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Journal of Child and Family Studies

, Volume 28, Issue 10, pp 2891–2900 | Cite as

Effects of Paternal Incarceration on Father Involvement on Child Behavior Outcomes at Middle Childhood

  • Jamel SlaughterEmail author
  • Jaya B. Davis
  • Craig Nagoshi
Original Paper
  • 349 Downloads

Abstract

Objectives

This study tested the separate and combined effects of father involvement and paternal incarceration on child internalizing and externalizing behaviors at 9 years of age.

Methods

Our sample contains completed interviews of 2652 fathers, 3515 mothers, and 3377 children. The mean age of fathers was 28 at child age 9. Multiple regression analysis of secondary data was conducted from the Fragile Families and Child Wellbeing Study, a national study that followed a cohort of low-income married and unmarried parents and their young children living in 20 US cities.

Results

Higher socioeconomic status and greater father involvement were associated with lower child internalizing and externalizing behaviors, while paternal incarceration for property crimes was associated with greater externalizing in boys and internalizing in girls. Incarceration for drug crimes was associated with lower father involvement.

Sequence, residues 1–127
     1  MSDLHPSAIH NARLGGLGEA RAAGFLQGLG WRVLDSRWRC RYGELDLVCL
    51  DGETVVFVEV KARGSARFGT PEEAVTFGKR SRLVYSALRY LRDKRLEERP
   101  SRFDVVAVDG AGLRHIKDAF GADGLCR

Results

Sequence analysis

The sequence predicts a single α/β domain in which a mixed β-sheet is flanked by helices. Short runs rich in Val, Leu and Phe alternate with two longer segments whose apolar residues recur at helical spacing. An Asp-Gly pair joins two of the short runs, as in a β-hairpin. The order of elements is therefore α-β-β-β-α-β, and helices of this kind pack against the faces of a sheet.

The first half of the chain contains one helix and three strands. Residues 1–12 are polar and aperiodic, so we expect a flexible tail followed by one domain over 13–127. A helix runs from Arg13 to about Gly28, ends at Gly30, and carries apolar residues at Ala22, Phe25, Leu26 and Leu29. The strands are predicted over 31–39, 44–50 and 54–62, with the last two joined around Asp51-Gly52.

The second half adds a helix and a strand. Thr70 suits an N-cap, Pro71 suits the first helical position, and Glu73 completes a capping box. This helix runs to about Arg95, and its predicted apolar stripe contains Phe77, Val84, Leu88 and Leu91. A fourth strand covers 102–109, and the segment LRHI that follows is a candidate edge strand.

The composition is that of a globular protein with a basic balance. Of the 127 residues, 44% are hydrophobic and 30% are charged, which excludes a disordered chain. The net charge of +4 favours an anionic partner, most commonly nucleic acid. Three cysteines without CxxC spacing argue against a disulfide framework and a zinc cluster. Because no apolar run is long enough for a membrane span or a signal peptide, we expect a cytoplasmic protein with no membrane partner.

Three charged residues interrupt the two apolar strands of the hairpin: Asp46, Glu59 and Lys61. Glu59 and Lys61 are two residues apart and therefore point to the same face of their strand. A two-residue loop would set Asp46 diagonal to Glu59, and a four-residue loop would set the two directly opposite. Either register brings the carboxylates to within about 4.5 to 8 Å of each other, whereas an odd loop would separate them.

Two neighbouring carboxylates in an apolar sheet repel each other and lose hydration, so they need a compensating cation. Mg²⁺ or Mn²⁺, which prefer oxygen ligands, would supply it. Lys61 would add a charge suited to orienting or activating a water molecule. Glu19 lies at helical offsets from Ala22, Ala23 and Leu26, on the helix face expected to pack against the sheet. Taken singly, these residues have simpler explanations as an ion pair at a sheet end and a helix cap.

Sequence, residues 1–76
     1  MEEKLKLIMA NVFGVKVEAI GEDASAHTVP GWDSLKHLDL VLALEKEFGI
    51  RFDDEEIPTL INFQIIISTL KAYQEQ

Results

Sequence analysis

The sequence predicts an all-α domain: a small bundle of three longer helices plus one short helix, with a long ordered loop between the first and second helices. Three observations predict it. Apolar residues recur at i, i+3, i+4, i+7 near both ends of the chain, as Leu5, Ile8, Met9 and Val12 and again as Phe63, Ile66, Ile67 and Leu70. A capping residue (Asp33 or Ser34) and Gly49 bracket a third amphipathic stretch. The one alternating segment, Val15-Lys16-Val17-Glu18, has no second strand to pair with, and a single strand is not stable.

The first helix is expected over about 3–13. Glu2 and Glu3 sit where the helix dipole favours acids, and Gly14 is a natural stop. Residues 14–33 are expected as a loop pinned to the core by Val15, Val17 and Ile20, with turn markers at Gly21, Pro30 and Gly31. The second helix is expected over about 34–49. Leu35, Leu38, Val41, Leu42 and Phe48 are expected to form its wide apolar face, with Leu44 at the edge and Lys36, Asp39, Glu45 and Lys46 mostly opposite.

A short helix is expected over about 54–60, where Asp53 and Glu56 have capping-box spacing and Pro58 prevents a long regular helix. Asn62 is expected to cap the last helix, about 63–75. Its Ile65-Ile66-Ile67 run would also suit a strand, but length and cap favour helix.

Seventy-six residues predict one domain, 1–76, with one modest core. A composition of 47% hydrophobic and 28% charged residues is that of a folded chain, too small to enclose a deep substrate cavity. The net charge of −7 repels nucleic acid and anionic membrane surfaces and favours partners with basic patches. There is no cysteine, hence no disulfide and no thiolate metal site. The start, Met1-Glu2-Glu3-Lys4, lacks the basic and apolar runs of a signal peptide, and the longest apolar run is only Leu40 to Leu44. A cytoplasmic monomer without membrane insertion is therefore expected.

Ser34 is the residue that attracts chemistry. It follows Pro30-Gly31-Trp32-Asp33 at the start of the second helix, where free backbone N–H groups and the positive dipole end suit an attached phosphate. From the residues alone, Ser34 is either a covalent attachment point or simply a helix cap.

Conclusions

Multiple regression analyses confirmed the independent effects of father involvement on child internalizing and externalizing, but the incarceration for property crimes effects were attenuated and moderated by SES.

Keywords

Externalizing behaviors Father involvement Internalizing behaviors Middle childhood Paternal incarceration 

Notes

Acknowledgements

Research reported in this publication was supported by the Eunice Kennedy Shriver National Institute of Child Health and Human Development (NICHD) of the National Institutes of Health under award numbers R01HD36916, R01HD39135, and R01HD40421, as well as a consortium of private foundations. The content is solely the responsibility of the authors and does not necessarily represent the official views of the National Institutes of Health.

Author Contributions

J.S. designed and executed the study, assisted with the data analyses, and wrote the paper. J.B.D. collaborated with the design and writing of the study. C.N. analyzed the data and wrote the results. J.S., C.N., and J.B.D. collaborated in the writing and editing of the final manuscript.

Funding

This research received no specific grant from any funding agency in the public, commercial, or not-for-profit sectors.

Compliance with Ethical Standards

Conflict of Interest

The authors declare that they have no conflict of interest.

Ethical Approval

This article does not contain any studies with human participants performed by any of the authors.

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Copyright information

© Springer Science+Business Media, LLC, part of Springer Nature 2019

Authors and Affiliations

  1. 1.School of Social WorkUniversity of Texas at ArlingtonArlingtonUSA
  2. 2.Department of Criminology and Criminal JusticeUniversity of Texas at ArlingtonArlingtonUSA
  3. 3.Department of PsychologyUniversity of Texas at ArlingtonArlingtonUSA

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